Elden: Path of the Forgotten Review – An eerie and enchanting landscape

Reviewed on July 10, 2020

Platforms:

PC, Nintendo Switch

Released:

July 10, 2020

Publisher:

Another Indie

Developer:

Onerat Games

Elden: Path of the Forgotten is a top-down RPG developed by Onerat Games and published by Another indie. It follows your character, Elden, on a mission to save their mother from a world full of monsters.

Dylan J. Walker, who is the solo developer behind Elden: Path of the Forgotten, has been working on this indie title since 2015. With beautiful and detailed pixel graphics, the game pays homage to old-school 8-bit and 16-bit games, both in graphics and gameplay mechanics.

The first thing that stood out to me when booting up Elden: Path of the Forgotten, was how eerie the game environment was. Playing as Elden, you wake up in your bed before traversing a world brimming with otherworldly creatures and monsters. While you start the game with a simple sword, you can find different weapons later on and unlock some simple magic abilities too. These are necessary because there are huge waves of enemies to fight throughout the game, and they’re all pretty tough competition.

As far as other human characters in the game go, you don’t really encounter any apart from a handful of people who are either already dead or on the brink of dying. Who or what killed them isn’t clear and, while you do learn more about the world’s setting as you progress through the game, you don’t gain a lot more understanding about the things happening around you through language. Speech, place names, books, and notes are all written in an incomprehensible language that Elden nor you as the player can understand. Rather than through text, the story unfolds through the environment, and I instead found myself taking story cues from the buildings, monsters, and scenery that I encountered. This, together with the ghostly soundtrack and the visually stunning world the game is set in, makes for a strange but engrossing gaming experience.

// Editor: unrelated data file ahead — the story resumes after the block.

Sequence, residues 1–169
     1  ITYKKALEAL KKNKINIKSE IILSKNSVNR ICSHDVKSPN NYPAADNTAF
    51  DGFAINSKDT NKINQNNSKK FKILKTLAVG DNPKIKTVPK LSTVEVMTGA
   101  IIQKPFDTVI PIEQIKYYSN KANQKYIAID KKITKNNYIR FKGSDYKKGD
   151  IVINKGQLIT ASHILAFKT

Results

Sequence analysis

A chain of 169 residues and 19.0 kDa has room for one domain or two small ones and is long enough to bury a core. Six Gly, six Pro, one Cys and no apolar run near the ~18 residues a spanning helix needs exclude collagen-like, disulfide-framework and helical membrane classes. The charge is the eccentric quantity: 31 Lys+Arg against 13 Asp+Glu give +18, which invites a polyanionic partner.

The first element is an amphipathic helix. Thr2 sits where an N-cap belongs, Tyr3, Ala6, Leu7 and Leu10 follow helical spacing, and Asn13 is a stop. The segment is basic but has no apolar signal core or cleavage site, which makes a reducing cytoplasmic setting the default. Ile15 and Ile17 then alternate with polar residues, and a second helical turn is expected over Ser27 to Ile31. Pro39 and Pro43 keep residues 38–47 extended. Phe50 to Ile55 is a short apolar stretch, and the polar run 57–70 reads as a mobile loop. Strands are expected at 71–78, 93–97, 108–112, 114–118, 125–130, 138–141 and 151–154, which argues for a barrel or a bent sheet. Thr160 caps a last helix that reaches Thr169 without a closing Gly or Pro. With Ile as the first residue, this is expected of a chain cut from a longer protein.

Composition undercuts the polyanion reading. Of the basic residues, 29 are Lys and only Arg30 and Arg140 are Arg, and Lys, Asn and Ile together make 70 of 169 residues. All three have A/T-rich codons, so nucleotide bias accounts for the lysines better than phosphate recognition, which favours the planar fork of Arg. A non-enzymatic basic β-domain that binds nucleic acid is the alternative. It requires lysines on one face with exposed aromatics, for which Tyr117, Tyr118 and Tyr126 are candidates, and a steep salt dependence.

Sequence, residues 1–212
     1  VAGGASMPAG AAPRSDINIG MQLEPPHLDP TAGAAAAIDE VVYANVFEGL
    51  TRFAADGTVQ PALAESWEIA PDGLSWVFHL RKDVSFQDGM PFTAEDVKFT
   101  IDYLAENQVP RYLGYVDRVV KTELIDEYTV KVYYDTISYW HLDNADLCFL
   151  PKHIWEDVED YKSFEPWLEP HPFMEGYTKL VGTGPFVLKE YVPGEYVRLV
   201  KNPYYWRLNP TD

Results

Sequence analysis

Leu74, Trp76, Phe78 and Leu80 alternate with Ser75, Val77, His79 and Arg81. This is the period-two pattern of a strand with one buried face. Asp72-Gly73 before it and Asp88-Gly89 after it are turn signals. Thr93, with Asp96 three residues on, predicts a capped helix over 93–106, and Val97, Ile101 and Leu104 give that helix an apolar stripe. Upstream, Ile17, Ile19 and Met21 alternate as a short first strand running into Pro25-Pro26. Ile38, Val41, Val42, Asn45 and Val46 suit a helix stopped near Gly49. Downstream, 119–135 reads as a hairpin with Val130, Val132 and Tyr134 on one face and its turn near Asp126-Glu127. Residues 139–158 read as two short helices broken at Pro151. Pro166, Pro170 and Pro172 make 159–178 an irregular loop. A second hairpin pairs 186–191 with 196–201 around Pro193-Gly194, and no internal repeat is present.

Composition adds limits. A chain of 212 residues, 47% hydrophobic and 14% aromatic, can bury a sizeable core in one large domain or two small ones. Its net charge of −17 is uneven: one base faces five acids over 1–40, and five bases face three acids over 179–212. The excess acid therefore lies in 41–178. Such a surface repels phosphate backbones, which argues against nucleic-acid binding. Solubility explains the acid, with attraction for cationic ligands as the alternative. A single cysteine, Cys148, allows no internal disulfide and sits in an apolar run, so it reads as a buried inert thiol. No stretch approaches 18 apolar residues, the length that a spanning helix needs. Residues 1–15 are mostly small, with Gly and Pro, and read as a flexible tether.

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Despite not being able to understand all the components of the world I was in, I was still propelled forward by my own curiosity, wondering if the key to fully understanding the game’s setting was just around the corner. In one of his many devlogs, Dylan Walker has commented on the fact that many of his childhood nightmares helped shape the game’s story and environment. In particular, he talks about dreams where he was surrounded by hordes of monsters and couldn’t get away. This feeling of being trapped and threatened translates to the game; the game’s monsters are varied and strange, and suitably unsettling to fight in battle. While some monsters can simply be killed in melee combat, others can send shockwaves through the ground to destabilise you or distort your vision for a short period of time.

“…[Onerat Games’ Dylan Walker] has created a world that’s equally as eerie as it is enchanting.”

There’s a lot of fighting to be done, too; the top-down RPG doesn’t give you many other actions to do as Elden except for exploring and engaging in battle with enemies. As in the traditional pixel game style, combat requires quite a strategic approach; you’ll need to observe the different kinds of monsters in the game to learn about their behaviour and strike at the right moment to hit them (and eventually defeat them). As the game progresses, the number of enemies simultaneously attacking you rises, making things more challenging as you move through the game.

The nature of the game’s combat reminded me of classic platformer titles I played growing up, where a friend and I would take turns at trying to defeat particularly strong opponents. Similarly, it felt incredibly satisfying when I managed to win a challenging battle, and it kept me motivated to push ahead and see what was next.  While this kind of gameplay can feel rewarding, it can also be frustrating when it takes numerous tries to get past a powerful enemy or a boss. As such, Elden: Path of the Forgotten might be a fun ride to some, while feeling tedious and frustrating for others.

That said, Walker has created a world that’s equally as eerie as it is enchanting, and the game goes a lot deeper than its combat system. With its fascinating world, great use of non-verbal storytelling and immersive soundtrack, Elden: Path of the Forgotten is one indie gem that shouldn’t be missed by anyone with a soft spot for fantasy and pixel graphics.

7

Good

Positive:

  • Beautiful art
  • Different monsters and engaging combat
  • Great non-verbal storytelling

Negative:

  • Combat may feel tedious and repetitive for some

With Elden: Path of the Forgotten, Onerat games’ Dylan Walker has created an otherworldly experience unlike anything else. Peppered with challenging combat and beautiful graphics, this indie gem will be a great addition to your library.